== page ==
Afghanistan: From Bad to Worse

From the time that Afghanistan was separated from the Iranian territory of “Greater Khorasan” up until today, the country has faced disaster after disaster and only gone from bad to worse.

After 20 years of American military occupation in Afghanistan, U.S. military forces are finally leaving Afghan territory. Recently, Joe Biden’s secretary of state said in an interview that though the U.S. is pulling out its remaining military forces, it is not leaving Afghanistan on its own! The Biden administration intends to pursue a policy of cooperation with, and political support for, the Afghan government, as well as continued economic and cultural aid. The search for a stable peace through negotiations between Afghanistan and the Taliban, as well as their attempts to sign a comprehensive agreement, will also continue.

The White House has also announced that it will station 18 fighter jets in the country to protect the remaining troops and oversee the withdrawal of coalition forces.

The withdrawal of U.S. and coalition forces from Afghanistan has been heavily covered by media and news outlets across the world, which mostly focus on two points:

First, after 20 years of military occupation, the U.S. has no notable accomplishments to show for itself, or for the people of Afghanistan. Although elections were established to form a government and stable institutions, Afghanistan is still a nation defined by ethnic and tribal divisions, and conflict abounds. The U.S.’ stated goals during the invasion of Afghanistan centered around two main points: 1. Establishing stability and security throughout the country, and 2. Guiding Afghanistan from a backward nation into a growing country with a modern society and a manufacturing economy. Neither of these goals has come to fruition; all statistics, even those published by the U.S. government, point to the failure of the U.S.’ promises for Afghanistan. Even the White House is willing to admit that the biggest crisis facing Afghanistan today is the lack of security and economic disarray, which is approaching the level of a total financial collapse, potentially leading to widespread poverty in the country.

Second, instead of providing Afghans with hope for the future, 20 years of military occupation has brought about such a level of despair that they prefer to emigrate to other countries. The U.S. invasion of Afghanistan has resulted in a constant fear of death or assassination for Afghans, not hope for a future of prosperity and happiness! The Americans have created an institutionalized culture of “power grows out of the barrel of a gun” in Afghanistan.

This outlook on events in Afghanistan and the results of the U.S. military operation are acknowledged worldwide. Statistical surveys show that drug addiction in Afghanistan, specifically to opium, heroin, etc., is 50 times higher than it was 20 years ago. On the same level, statistics on emigration among Afghans, particularly to the Muslim countries of the region and to Afghanistan’s neighbors such as Iran and Pakistan, is up to 70 times higher than it was 20 years ago. Another legacy of the U.S. invasion is the spread of terrorism and its deadly effects, such as social, religious and economic inequality, as well as the confrontations between “tradition” and “modernity.” Sociologists in Afghanistan and in most countries say that the country is plagued by various conflicting “anomies.”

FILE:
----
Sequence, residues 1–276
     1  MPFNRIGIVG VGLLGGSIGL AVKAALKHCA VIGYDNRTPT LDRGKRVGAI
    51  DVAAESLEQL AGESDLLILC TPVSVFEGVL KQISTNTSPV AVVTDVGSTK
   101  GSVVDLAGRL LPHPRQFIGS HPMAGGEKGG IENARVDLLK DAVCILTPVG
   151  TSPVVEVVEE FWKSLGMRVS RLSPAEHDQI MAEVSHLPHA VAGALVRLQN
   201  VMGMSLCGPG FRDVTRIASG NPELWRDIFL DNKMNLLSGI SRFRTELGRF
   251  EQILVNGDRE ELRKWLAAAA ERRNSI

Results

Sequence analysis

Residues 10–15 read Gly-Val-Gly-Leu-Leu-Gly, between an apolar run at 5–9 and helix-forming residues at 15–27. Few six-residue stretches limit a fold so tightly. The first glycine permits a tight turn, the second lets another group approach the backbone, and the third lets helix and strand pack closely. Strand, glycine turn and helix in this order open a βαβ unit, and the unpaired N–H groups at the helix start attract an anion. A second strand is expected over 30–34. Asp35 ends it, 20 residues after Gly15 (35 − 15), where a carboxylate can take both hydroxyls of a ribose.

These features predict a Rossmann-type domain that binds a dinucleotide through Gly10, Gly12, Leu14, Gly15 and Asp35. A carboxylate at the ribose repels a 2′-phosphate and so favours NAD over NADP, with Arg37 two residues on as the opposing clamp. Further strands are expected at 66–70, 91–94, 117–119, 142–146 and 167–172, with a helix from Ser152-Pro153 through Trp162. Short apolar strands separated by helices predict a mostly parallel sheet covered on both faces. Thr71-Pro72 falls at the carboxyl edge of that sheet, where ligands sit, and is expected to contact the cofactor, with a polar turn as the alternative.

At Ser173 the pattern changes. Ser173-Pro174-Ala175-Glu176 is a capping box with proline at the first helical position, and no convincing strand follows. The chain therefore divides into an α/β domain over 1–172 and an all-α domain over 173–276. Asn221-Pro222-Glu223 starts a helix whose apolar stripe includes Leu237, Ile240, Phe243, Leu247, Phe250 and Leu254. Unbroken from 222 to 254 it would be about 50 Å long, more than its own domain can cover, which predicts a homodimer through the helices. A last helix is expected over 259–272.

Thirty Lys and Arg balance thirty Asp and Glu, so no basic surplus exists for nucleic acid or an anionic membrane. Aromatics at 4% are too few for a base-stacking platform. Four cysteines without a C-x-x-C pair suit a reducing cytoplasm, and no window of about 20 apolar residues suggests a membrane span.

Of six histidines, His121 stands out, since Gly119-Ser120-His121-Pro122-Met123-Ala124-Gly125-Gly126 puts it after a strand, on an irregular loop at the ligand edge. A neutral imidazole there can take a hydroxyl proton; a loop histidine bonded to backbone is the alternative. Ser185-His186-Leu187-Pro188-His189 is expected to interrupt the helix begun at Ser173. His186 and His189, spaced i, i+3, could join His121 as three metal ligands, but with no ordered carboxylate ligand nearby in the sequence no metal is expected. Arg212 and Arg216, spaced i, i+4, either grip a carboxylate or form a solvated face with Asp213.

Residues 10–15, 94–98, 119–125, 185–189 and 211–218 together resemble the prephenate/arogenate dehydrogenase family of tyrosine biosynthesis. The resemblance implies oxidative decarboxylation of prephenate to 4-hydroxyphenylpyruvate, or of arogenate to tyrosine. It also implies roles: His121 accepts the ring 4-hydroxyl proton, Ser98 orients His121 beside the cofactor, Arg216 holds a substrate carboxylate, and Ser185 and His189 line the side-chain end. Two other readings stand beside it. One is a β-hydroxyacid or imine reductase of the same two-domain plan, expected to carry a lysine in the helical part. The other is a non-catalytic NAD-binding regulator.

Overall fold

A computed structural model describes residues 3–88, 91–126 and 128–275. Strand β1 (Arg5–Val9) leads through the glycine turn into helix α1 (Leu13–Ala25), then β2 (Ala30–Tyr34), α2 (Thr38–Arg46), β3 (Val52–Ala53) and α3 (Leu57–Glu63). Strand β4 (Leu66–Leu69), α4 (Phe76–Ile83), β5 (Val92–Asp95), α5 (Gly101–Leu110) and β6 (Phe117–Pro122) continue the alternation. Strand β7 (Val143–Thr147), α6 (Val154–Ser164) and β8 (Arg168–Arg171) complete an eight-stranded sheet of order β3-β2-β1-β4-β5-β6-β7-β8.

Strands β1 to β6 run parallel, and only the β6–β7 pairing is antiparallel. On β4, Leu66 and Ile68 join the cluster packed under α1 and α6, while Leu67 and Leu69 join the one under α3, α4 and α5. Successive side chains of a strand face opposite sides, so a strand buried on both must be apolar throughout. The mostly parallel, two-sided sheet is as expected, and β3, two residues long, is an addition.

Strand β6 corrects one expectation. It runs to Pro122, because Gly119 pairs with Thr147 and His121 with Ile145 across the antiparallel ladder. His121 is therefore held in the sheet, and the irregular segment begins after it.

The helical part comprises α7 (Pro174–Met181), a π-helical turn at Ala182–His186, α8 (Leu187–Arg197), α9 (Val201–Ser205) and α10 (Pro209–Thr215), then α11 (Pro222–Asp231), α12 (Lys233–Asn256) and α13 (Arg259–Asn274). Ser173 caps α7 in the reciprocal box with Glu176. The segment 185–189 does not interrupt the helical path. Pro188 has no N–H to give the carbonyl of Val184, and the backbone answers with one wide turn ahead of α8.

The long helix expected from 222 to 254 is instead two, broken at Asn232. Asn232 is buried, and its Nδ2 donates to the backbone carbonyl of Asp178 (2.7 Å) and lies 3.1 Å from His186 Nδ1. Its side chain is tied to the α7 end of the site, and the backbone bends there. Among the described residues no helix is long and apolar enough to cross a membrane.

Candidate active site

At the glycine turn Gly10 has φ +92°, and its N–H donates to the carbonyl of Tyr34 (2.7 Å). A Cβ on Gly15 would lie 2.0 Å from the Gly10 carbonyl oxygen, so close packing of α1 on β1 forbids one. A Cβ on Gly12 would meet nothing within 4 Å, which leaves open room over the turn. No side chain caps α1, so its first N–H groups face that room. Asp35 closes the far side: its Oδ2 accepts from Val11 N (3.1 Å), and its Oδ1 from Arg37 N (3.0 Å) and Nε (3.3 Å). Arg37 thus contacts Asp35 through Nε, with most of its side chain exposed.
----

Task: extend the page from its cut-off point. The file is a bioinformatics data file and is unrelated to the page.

To illustrate the vicious circle of crises that Afghanistan faces, we must also note the role that the U.S., Israel and other governments of the region have played in creating and extending terrorism and murder, so that the history of 20 years of U.S. occupation began and continued with “hard power.”

Just yesterday, an explosion caused by a bomb or missile at the Sayed Ul-Shuhada High School for girls in Kabul killed more than 50 of the girls and children at the school’s kindergarten and injured more than 100, according to the most recent reports. In a statement, the Taliban not only condemned the attack, but even blamed the Islamic State for the explosion. The question of how the Islamic State group was able to make such a blatant statement of its presence on the eve of the U.S. withdrawal, and moreover where they draw their support from, is a question that most news networks, even in the West, are now asking!

At this point most political experts on Afghanistan do not see a bright future for the country after the withdrawal of U.S. soldiers. At the same time, negotiations between the Taliban and the government of President Ashraf Ghani are still shrouded in ambiguity. The Taliban continue to push their goal of “all or nothing,” expressing a desire for total control over Afghanistan. And yet they are negotiating. Across the provinces of Afghanistan, wherever possible the Taliban are making inroads and taking over land. The Taliban are showing off their military power to prove that they are the superior power in Afghanistan. Yet Ghani keeps repeating that “the Afghan government now has a strong military and is capable of defeating any rebel force on the battlefield”!

On the ground, the reality of Afghanistan after the withdrawal of U.S. forces will be, simply put, “from bad to worse,” and no one yet knows what that worse will look like or what exactly it will entail. Afghanistan is a country with a history of oppression from both America and Russia, and both superpowers have played their part in continuing the endless cycle of crises in which the country is trapped.

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